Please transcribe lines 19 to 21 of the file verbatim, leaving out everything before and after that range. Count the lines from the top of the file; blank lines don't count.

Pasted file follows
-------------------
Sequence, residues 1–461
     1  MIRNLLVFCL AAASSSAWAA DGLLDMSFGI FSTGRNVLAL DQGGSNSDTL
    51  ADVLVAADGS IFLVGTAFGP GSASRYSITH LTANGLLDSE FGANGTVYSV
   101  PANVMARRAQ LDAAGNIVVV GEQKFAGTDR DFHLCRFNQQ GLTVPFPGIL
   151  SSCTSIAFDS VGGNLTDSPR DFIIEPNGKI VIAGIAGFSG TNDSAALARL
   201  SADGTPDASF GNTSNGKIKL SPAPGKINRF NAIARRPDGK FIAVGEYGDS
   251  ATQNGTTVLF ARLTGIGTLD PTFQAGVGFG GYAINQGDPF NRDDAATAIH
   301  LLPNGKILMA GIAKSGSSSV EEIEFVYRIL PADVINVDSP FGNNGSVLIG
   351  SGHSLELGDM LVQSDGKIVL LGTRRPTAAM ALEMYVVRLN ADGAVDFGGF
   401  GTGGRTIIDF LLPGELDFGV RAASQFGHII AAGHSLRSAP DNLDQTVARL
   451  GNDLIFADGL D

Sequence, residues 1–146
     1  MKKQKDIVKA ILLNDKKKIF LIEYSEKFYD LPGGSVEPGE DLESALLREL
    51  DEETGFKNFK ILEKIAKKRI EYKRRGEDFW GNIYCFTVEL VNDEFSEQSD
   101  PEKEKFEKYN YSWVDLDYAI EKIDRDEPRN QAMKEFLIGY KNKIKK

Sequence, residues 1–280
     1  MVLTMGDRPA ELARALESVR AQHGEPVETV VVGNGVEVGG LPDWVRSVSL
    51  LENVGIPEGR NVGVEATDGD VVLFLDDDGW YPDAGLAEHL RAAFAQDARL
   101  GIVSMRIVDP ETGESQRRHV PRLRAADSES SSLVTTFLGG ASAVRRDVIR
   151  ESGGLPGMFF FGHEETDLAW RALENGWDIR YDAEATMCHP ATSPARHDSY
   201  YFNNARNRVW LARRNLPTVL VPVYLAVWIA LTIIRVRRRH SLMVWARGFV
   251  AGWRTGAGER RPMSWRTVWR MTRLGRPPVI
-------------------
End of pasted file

   101  GIVSMRIVDP ETGESQRRHV PRLRAADSES SSLVTTFLGG ASAVRRDVIR
   151  ESGGLPGMFF FGHEETDLAW RALENGWDIR YDAEATMCHP ATSPARHDSY
   201  YFNNARNRVW LARRNLPTVL VPVYLAVWIA LTIIRVRRRH SLMVWARGFV